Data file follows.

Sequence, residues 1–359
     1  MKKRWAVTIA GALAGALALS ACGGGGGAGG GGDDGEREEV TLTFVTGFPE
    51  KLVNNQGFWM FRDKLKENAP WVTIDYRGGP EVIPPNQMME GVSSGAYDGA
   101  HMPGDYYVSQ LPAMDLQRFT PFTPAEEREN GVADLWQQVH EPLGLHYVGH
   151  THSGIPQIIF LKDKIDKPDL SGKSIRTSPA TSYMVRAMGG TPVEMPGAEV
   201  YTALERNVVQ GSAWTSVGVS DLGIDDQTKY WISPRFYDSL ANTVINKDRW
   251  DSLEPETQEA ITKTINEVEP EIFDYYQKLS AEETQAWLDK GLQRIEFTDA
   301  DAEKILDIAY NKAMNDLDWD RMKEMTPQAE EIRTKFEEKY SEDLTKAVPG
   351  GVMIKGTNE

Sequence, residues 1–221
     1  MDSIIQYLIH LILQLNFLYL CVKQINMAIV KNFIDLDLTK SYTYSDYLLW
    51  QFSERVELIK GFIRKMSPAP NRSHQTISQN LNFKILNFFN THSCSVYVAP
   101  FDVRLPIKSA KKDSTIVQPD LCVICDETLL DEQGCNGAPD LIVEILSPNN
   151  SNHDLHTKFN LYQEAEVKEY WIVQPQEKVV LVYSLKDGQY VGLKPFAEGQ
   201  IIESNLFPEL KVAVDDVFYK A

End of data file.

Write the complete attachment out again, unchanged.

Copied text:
Sequence, residues 1–359
     1  MKKRWAVTIA GALAGALALS ACGGGGGAGG GGDDGEREEV TLTFVTGFPE
    51  KLVNNQGFWM FRDKLKENAP WVTIDYRGGP EVIPPNQMME GVSSGAYDGA
   101  HMPGDYYVSQ LPAMDLQRFT PFTPAEEREN GVADLWQQVH EPLGLHYVGH
   151  THSGIPQIIF LKDKIDKPDL SGKSIRTSPA TSYMVRAMGG TPVEMPGAEV
   201  YTALERNVVQ GSAWTSVGVS DLGIDDQTKY WISPRFYDSL ANTVINKDRW
   251  DSLEPETQEA ITKTINEVEP EIFDYYQKLS AEETQAWLDK GLQRIEFTDA
   301  DAEKILDIAY NKAMNDLDWD RMKEMTPQAE EIRTKFEEKY SEDLTKAVPG
   351  GVMIKGTNE

Sequence, residues 1–221
     1  MDSIIQYLIH LILQLNFLYL CVKQINMAIV KNFIDLDLTK SYTYSDYLLW
    51  QFSERVELIK GFIRKMSPAP NRSHQTISQN LNFKILNFFN THSCSVYVAP
   101  FDVRLPIKSA KKDSTIVQPD LCVICDETLL DEQGCNGAPD LIVEILSPNN
   151  SNHDLHTKFN LYQEAEVKEY WIVQPQEKVV LVYSLKDGQY VGLKPFAEGQ
   201  IIESNLFPEL KVAVDDVFYK A